The Chinese practice of acupuncture (chen-chiu) has been a custom for over 5,000 years and its population throughout the world increases with every year. However, the origins of this practice can be somewhat difficult to trace.
According to Chinese tradition a human being is alive because energy circulates through the twelve meridians in a certain order. This energy, ch’i, circulates first through one and then through another, and after it has circulated through all twelve, starts with the first meridian again. It is a simple concept of health and disease is the functional bodily harmony or disharmony between two forces, Yin (the negative) and Yang (the positive).
There are about a thousand acupuncture points situated in the subcutaneous tissue of the body. They are divided into twelve main groups, all the points in one group being united via a line called a meridian. Within the twelve meridians the acupuncture points are further sub-divided so that each point within each meridian has a certain function, the same type of point having the same function in which-ever meridian it may be.
The earliest known mention of acupuncture is from the Su Wen Nei Ching “The Yellow Emperor’s Classic of Internal Medicine”, an ancient Chinese medical text. Here bian (‘sharp’) stones or stone-needles, were used “”to pick at the body surface in order to cure diseases” (Lu, p.301). The earliest extant mention of bian stones is in a text from the 6th century BCE, but Chinese archaeologists claim to have unearthed such instruments dating back at least 4,000 years and possibly 10,000 years.
Initially, the practice of using bian stones were designed to relieve pain, but gradually developed into a special healing art with stone needles being used to treat all kinds of diseases.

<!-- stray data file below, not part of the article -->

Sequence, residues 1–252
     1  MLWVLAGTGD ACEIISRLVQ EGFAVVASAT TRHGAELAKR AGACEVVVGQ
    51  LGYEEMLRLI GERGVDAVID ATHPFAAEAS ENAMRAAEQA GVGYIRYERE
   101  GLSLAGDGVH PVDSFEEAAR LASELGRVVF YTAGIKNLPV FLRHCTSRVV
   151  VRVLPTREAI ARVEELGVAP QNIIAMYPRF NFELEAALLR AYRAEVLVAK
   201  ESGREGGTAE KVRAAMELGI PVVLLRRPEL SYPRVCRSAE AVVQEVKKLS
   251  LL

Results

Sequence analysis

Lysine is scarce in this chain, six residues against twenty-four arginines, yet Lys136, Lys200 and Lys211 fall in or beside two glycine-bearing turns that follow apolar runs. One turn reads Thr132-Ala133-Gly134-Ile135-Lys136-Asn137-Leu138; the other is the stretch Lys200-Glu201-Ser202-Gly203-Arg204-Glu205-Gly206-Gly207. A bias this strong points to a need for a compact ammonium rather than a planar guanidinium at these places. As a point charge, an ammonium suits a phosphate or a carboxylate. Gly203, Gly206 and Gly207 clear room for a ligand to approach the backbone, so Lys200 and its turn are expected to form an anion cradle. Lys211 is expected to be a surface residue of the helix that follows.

The use of metallic needles is said to have come with the Bronze Age, and there is evidence that by the early stage of the Warring States period (475 to 221 B.C.), when China was just entering the Iron Age, metallic needles were being used and the practice of acupuncture was widespread. We can see this in the discovery of gold and silver needles found when an ancient tomb dating to 113 BCE, in Hebei Province was excavated.
In 399 CE, a Chinese Buddhist monk named Fa Xian travelled to India during their stay they made Indians aware of Chinese techniques of acupuncture and pulse examination. On their return journey, they carried with them Buddhist works with their innumerable medical references; and also valuable information on medicinal plants, methods of treatment and organisation of free hospitals and dispensaries.
The therapeutics of disease were carried out in accordance with cosmologic, animistic, and medicinal methodologies, some of which included the use of amulets and talismans, remedies based upon plant lore, acupuncture, moxibustion, massage, enemas, and graded exercise. These beliefs and techniques were further advanced and expounded upon by the Wu and their descendants during later dynasties.
Acupuncture was carried from China to Japan at an early period but was not introduced to Europe until later. At one time it aroused considerable interest in Europe, especially in France. Nowadays, acupuncture is widely used in practically all kinds of diseases ranging from surgical conditions such as appendicitis to chronic conditions such as diabetes.
For thousands of years the Chinese have practised and refined the custom of acupuncture in order to relieve pain and to heal a wide variety of illnesses and malfunctions, and it is inherent connection with its ancient roots that keeps the practice alive today.
Lu, Gwei-Djen (2002) Celestial Lancets: A History and Rationale of Acupuncture and Moxa, Routledge, London.